Before witnesses from the town clerk’s office took the stand Wednesday in Stamford’s ongoing election fraud trial, Judge Kevin Randolph offered fair warning.
It is the court’s understanding, Randolph said, that the State Elections Enforcement Commission is still investigating Stamford’s 2015 municipal election – the subject of the trial – and that the FBI is investigating the 2017 municipal election.
Because of that, witnesses from the town clerk’s office would assume a degree of risk by taking the stand, the judge said.
“If you testify today under oath, the court cannot be certain that the SEEC or the FBI could not use that testimony against you in either investigation,” Randolph told the witnesses.
He advised them of their right to remain silent and their right to legal representation, then gave them three choices.
“You can decide that you want to testify anyway. You can decide that you don’t want to testify at all. Or you can decide that you want to consult with a lawyer to determine whether you should testify,” Randolph said.
The witnesses were called by Stephan Seeger, the attorney defending John Mallozzi, the former head of Stamford’s Democratic Party who is charged with 14 counts of 2nd-degree forgery and 14 counts of filing false statements in absentee balloting. All the counts are Class D felonies punishable by up to five years in prison, or a fine that could total $140,000, or both.
SEEC investigators have charged that Democrat Mallozzi took part in a ballot fraud “scheme” with former Town Clerk Donna Loglisci, a Republican. Loglisci has testified that she broke the law “a few times” when she gave ballots to Mallozzi.
Loglisci, a witness in the case, has not been charged.
Mallozzi is charged with forging the names of unsuspecting voters on 14 absentee ballots in the 2015 election, which decided seats on the Board of Representatives, Board of Finance and Board of Education.
Randolph said the FBI investigation appears to concern “allegations of impropriety within the town clerk’s office” during the 2017 election. It is unknown whether the FBI investigation is open or closed, Randolph said.
Current Town Clerk Lyda Ruijter, the first witness called Wednesday, was not in office during the 2015 or 2017 municipal elections. Ruijter, a Democrat, defeated Loglisci in the 2017 race and took office a month later. Ruijter was reelected last year.
Ruijter chose to consult with an attorney before deciding whether to testify. So did two other witnesses who work in the town clerk’s office. A city attorney accompanied them to court.
Randolph ordered all three witnesses to return to court Thursday to either testify or declare that they do not wish to testify.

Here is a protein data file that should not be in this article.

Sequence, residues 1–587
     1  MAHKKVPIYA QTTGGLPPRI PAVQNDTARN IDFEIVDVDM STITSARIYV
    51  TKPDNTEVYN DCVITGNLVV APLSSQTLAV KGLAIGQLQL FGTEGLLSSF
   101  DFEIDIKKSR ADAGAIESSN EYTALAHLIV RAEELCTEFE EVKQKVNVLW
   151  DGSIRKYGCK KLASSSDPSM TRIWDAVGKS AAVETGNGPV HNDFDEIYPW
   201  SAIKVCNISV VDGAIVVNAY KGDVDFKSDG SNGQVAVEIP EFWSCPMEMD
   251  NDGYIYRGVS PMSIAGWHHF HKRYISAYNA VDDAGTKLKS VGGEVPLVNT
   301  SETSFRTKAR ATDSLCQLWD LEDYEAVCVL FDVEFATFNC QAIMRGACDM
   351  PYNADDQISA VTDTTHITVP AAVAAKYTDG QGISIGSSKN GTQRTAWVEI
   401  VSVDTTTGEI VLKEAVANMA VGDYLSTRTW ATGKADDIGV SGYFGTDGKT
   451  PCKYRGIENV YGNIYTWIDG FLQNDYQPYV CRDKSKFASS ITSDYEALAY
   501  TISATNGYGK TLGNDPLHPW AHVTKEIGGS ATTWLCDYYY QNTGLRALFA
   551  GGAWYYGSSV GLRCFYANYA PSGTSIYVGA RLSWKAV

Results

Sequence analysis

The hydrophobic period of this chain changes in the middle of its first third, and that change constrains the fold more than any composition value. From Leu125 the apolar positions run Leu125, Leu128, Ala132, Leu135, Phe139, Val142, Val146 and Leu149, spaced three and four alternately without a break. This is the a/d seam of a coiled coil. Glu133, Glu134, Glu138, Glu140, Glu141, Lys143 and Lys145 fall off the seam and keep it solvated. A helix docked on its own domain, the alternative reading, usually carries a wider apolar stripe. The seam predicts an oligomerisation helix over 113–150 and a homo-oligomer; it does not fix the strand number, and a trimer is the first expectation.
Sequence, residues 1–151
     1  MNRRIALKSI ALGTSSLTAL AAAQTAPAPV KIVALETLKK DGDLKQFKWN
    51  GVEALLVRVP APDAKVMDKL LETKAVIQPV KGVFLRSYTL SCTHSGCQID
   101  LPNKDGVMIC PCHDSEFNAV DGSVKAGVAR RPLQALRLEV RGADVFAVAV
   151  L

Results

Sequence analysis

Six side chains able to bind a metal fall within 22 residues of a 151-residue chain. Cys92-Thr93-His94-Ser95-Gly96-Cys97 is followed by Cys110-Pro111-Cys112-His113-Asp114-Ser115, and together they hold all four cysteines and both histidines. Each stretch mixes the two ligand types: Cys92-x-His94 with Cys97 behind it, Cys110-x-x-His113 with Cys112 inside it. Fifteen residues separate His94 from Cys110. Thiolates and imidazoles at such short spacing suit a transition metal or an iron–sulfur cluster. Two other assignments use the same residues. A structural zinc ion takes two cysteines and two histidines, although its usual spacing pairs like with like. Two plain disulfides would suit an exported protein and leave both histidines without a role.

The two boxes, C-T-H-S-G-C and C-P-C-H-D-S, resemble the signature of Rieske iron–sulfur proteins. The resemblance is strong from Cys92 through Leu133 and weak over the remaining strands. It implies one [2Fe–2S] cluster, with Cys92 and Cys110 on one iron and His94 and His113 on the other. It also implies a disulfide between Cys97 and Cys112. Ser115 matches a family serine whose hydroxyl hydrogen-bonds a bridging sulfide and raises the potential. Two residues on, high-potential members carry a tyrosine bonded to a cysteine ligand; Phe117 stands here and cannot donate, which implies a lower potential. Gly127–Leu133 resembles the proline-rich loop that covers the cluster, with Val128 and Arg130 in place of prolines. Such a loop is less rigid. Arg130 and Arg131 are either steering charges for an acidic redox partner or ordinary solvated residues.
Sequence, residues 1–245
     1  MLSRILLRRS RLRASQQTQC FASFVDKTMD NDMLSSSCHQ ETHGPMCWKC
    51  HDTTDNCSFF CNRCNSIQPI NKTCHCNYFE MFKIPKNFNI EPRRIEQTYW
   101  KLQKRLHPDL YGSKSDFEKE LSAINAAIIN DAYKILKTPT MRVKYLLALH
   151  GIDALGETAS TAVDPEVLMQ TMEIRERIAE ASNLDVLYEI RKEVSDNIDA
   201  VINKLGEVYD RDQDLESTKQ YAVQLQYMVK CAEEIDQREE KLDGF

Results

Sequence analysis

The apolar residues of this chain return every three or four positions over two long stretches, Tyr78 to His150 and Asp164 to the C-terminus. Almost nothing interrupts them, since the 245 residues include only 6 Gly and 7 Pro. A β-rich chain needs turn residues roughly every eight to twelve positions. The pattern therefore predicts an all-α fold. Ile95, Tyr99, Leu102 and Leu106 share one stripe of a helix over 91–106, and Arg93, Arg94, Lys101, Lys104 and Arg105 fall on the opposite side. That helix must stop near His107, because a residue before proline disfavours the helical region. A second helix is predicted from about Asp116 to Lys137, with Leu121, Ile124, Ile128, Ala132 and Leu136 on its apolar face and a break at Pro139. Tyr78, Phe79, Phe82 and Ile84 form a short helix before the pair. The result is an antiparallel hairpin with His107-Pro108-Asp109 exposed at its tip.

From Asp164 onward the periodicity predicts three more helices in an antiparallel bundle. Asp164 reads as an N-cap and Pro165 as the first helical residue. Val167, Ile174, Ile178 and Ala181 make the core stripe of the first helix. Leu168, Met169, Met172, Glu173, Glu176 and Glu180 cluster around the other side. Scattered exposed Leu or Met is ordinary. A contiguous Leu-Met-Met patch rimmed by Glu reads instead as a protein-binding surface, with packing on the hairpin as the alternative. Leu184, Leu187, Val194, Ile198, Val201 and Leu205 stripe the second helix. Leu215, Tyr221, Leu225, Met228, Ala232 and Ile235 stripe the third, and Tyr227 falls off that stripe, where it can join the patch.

Little is known about investigations into the two municipal elections.
The FBI’s Bridgeport office referred a question about the 2017 election to the FBI office in New Haven. A message left Wednesday with the New Haven office was not returned.
Josh Foley, spokesman for the SEEC, said Wednesday he cannot comment on the particulars of any probe into the 2015 election.
“I can’t talk specifically about that investigation other than to say it’s still an open investigation with us,” Foley said. “When we refer a case to the chief state’s attorney, we keep our file open while the state’s attorney’s case is pending.”
He is not aware of any FBI investigation into a Stamford election, Foley said.
During Wednesday’s proceedings, Seeger made a motion to acquit his client and another motion to dismiss the case. In his arguments Seeger hinted at the improprieties the SEEC and FBI may be investigating in the town clerk’s office.
“People generally don’t want to believe bad things about government, that there would be corruption in the office of the town clerk,” Seeger said. “But sloppiness can lead to something else.”
Testimony has shown that procedures were ignored or followed inconsistently, Seeger said, and all of it was overseen by Loglisci, who “admitted to felonies” during her testimony in July.
SEEC investigators “implicated Mr. Mallozzi and Ms. Loglisci in the same scheme,” Seeger said, but only Mallozzi was charged. Seeger called it “selective prosecution” and said it’s grounds for dismissal.
Not so, Deputy Assistant State’s Attorney Michael Bivona said in his counter-argument.
“Mr. Mallozzi is the only person whose handwriting is on the absentee ballots,” Bivona said. “Even if Ms. Loglisci were a bad actor in this, her handwriting is not at issue.”
Assistant State’s Attorney Laurence Tamaccio disputed Seeger’s town clerk “sloppiness” argument.
“Mr. Mallozzi was enmeshed in city politics for decades. He knew there was sloppiness and he exploited the sloppiness to get away with it,” Tamaccio said. “What other intent could there have been other than to sway an election?”
Randolph ruled that Seeger’s argument did not meet the standard for acquittal, which is whether “there is sufficient evidence that would reasonably permit a finding of guilt,” and denied that motion.
The judge said he will decide Seeger’s motion to dismiss after the defense rests.
Seeger said that on Thursday he will call two witnesses besides the ones from the town clerk’s office who appeared in court Wednesday. It is not known whether the final two witnesses work in the town clerk’s office and so will be allowed to opt out of testifying.
Tamaccio has rested the state’s case.
Closing arguments are scheduled for Friday, when Randolph would like the trial to wrap up.